EPA Adopts New SDWA Enforcement Strategy

Dec. 11, 2009
Agency plans to crack down on SDWA violators

Under a new Safe Drinking Water Act (SDWA) enforcement strategy, the U.S. Environmental Protection Agency (EPA) in 2010 will begin focusing its attention on returning water systems with serious and recurring violations to compliance instead of acting on a contaminant-by-contaminant compliance basis.

As detailed in a memo to regional administrators, EPA's Office of Enforcement and Compliance asserts the new approach "will bring the systems with the most significant violations to the top of the list for enforcement action in states, territories and in federal Indian country, so that we can return those systems to compliance as quickly as possible. As we work to protect the public's access to clean and safe drinking water, we need to be especially vigilant about noncompliance that has the potential to affect children, such as violations at schools and day care centers."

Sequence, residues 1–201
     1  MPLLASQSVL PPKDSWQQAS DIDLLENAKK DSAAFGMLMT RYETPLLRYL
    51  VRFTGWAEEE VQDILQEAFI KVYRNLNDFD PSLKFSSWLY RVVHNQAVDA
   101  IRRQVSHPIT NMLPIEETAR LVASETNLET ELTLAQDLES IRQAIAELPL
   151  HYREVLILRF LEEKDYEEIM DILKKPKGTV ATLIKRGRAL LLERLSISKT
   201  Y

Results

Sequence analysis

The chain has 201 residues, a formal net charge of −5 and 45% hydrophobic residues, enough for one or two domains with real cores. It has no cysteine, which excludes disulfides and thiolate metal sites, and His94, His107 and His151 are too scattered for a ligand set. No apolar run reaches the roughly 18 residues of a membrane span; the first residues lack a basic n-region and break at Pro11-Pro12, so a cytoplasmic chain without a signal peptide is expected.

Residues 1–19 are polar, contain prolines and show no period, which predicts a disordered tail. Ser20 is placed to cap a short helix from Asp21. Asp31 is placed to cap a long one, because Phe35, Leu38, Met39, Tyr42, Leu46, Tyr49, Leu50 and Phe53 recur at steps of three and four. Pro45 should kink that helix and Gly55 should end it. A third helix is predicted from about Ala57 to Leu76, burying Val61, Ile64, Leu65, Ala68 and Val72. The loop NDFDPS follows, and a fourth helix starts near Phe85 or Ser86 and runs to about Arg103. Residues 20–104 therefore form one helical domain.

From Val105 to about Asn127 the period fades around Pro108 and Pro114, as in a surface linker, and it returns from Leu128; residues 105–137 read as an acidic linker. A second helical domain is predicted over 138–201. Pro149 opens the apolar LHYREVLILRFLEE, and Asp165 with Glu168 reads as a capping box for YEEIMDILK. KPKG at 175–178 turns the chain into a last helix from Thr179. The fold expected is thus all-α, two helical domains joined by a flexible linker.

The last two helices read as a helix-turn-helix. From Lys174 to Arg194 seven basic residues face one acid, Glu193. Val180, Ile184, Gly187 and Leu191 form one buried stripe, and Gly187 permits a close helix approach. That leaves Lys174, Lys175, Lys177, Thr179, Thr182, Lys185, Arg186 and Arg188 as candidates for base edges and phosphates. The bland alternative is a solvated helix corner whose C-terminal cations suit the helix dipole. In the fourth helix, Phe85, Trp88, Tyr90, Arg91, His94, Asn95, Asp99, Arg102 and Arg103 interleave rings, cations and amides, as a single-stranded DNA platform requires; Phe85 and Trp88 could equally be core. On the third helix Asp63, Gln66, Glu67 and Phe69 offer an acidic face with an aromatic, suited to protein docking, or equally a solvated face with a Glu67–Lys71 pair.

The Office of Enforcement and Compliance Assurance developed the new strategy in cooperation with the Association of State Drinking Water Administrators, EPA regions and the EPA Office of Water. The strategy will be evaluated throughout 2010 for opportunities for improvements.

The agency said the new strategy aims to:
• Align SDWA violations within a prioritization that is more protective of public health;
• View public water system compliance status comprehensively;
• Ensure that both EPA and states act on and resolve drinking water violations;
• Recognize the validity of informal enforcement response efforts while ensuring that, if these efforts have proven ineffective, enforceable and timely action is taken;
• Ensure that EPA and states escalate enforcement efforts based on the prioritization approach; and
• Increase the effectiveness of state and federal enforcement targeting efforts by providing a "tool" that calculates comprehensive noncompliance status for all systems and identifies those systems not meeting national expectations as set by EPA.

Source: AWWA